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When I connect a blue LED complete with a 1K ohm resistor to pin 17 and turn it on, it gives out a somewhat bright, satisfying light. When I do the same with a green LED, the led light is very dull. When I do this for a yellow LED, its even duller. Why is this and how can I power 4 LED's that are: blue, green, yellow, and red independently (using separate GPIO pins) that have equal brightness?

Thanks

  • Is it the same LED each time? – joan Jan 11 '15 at 23:06
  • modified question significantly – boulder_ruby Jan 11 '15 at 23:16
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    Apart from the different band-gap of the different colours, which produce different voltage drops, this is probably telling us more about the spectral sensitivity of your eyes. – Milliways Jan 11 '15 at 23:20
  • So the question is about different colored LEDs and not different GPIO pins as it originally implied? And what does "even if 17 is turned off" mean? are you seeing the same thing with the pin on or off? – Tyson Jan 12 '15 at 1:20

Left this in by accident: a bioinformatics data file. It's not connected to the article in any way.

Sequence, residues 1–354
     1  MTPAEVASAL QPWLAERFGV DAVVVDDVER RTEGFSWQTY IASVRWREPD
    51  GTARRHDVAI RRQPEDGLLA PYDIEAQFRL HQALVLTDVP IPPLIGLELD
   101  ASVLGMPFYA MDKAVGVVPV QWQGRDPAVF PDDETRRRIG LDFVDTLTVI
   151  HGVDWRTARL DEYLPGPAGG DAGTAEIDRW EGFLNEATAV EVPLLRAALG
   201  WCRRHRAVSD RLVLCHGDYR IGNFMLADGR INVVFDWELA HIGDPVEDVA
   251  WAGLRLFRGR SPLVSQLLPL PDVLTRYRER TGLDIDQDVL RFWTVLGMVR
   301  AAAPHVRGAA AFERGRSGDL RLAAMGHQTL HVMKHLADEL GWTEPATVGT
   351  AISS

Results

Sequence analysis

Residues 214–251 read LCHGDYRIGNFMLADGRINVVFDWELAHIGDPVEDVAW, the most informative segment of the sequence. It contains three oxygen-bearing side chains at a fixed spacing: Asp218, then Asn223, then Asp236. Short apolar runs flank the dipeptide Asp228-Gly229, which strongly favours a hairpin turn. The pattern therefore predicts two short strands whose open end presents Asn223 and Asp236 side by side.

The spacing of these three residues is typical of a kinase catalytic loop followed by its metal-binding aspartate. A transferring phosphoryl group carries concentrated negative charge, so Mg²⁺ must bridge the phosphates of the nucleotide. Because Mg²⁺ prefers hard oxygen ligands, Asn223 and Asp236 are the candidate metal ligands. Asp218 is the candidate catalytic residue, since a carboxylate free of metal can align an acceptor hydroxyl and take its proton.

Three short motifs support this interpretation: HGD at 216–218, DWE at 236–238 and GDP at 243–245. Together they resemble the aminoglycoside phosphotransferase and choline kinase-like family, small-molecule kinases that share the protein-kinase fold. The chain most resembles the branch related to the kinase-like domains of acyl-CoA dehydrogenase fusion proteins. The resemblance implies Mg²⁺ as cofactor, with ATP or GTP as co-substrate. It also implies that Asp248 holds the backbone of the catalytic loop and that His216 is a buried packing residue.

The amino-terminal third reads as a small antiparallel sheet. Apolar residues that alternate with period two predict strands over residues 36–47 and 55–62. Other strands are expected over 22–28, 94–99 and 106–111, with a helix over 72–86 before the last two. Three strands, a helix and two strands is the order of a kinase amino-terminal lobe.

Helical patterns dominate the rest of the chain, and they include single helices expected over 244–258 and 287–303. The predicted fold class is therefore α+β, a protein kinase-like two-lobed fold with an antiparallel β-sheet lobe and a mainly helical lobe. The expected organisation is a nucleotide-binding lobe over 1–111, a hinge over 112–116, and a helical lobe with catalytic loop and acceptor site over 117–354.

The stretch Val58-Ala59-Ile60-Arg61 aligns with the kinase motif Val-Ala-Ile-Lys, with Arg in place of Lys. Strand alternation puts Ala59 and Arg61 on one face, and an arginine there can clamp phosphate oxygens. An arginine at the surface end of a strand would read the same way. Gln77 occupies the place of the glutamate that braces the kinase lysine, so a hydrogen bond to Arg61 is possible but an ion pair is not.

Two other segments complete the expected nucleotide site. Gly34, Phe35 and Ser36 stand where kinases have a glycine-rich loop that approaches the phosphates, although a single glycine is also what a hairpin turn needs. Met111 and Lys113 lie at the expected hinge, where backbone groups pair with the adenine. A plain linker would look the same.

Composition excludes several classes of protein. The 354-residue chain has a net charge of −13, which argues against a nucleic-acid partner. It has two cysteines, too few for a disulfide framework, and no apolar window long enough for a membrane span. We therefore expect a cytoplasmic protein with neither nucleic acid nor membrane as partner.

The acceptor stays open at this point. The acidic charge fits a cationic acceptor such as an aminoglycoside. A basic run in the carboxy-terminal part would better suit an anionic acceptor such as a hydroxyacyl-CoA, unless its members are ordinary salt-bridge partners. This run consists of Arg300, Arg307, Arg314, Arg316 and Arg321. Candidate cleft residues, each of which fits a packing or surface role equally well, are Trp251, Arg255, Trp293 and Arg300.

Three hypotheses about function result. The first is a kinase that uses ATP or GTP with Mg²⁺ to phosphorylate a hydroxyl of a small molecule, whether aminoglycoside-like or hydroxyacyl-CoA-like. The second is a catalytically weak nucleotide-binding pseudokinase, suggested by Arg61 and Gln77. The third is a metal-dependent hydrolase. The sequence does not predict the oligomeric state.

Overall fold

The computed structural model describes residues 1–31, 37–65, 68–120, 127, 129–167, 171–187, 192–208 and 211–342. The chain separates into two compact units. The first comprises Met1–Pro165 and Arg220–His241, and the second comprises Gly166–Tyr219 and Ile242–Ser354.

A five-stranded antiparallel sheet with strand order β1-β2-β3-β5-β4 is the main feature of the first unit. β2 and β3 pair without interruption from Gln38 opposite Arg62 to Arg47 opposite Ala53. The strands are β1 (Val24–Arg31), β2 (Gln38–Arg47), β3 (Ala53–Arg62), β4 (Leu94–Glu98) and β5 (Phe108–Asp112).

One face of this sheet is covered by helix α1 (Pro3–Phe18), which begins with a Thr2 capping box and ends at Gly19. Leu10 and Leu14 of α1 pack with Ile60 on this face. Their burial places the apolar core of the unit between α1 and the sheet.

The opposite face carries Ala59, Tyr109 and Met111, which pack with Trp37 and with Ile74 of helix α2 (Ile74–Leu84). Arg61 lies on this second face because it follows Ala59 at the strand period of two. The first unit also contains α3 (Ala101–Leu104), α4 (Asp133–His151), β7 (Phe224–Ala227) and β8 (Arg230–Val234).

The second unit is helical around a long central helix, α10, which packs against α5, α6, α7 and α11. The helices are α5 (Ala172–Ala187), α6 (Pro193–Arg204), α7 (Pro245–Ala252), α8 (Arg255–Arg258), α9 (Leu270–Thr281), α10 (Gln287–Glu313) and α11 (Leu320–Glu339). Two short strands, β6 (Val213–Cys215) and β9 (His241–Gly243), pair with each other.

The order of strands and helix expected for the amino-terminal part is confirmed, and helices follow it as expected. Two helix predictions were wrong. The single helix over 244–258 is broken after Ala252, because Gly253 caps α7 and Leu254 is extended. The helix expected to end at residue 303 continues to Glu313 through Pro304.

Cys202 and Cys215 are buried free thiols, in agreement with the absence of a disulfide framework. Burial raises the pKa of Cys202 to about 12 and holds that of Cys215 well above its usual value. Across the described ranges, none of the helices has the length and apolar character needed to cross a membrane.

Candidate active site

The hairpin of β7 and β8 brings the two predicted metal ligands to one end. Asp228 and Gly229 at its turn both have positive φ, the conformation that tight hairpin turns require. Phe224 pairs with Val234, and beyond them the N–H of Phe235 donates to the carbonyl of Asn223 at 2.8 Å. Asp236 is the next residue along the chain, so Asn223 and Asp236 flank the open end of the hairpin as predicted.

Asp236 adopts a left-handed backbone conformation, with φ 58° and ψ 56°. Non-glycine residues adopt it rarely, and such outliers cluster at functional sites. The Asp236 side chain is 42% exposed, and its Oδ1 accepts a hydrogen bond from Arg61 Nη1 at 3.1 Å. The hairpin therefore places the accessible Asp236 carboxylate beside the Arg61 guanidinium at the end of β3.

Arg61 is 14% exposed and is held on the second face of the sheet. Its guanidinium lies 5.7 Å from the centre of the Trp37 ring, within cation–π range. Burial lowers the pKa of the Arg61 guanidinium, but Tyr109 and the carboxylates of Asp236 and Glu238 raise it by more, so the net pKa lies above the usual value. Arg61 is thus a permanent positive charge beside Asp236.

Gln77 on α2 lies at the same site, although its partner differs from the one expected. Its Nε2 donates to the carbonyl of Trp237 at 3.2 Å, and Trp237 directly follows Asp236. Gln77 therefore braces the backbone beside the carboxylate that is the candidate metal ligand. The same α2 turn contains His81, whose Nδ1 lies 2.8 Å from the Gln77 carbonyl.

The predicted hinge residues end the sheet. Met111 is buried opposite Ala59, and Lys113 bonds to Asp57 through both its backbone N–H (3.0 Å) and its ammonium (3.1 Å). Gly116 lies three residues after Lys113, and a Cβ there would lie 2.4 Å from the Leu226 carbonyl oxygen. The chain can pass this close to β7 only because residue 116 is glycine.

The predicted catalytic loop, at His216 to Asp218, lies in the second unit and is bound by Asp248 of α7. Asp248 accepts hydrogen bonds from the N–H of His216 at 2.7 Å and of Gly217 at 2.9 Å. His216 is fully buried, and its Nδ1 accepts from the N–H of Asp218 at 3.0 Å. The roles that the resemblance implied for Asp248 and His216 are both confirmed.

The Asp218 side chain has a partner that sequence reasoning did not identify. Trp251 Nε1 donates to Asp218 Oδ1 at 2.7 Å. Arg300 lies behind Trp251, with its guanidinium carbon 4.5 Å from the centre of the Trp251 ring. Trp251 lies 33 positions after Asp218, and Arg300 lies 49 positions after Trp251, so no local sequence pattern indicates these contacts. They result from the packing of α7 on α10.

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    I just discovered the resistance of blue LEDs is 113R while red is like 330, etc – boulder_ruby Jan 12 '15 at 1:45
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The resistor will be different according to the LED colour.

You need to look at the datasheet for each LED colour and find its forward voltage.

The lower the forward voltage the larger the current for a given input voltage, so the bigger the resistor to keep everything equally bright.

E.g. see https://electronics.stackexchange.com/questions/48522/what-resistor-to-use-with-this-rgb-led

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There's several things with leds and their brightness.

1) The resistor you use in series with the led determine the current that flows through them. leds with different colors can have different voltages that fall over them, so you might need to adjust the resistor depending on the color. 2) Not all leds are created equally. There are high power leds and low power "signal leds". Some are more efficient than others 3) the human eye sees green and yellow light brighter... So even if some leds burn at the same light intensity, the human eye will still see a difference.

If you're after balancing the leds out for the human eye, you have to look up their datasheets and figure out resistor values. And even then... Usually you'd use a variable resistor to tune the colors.

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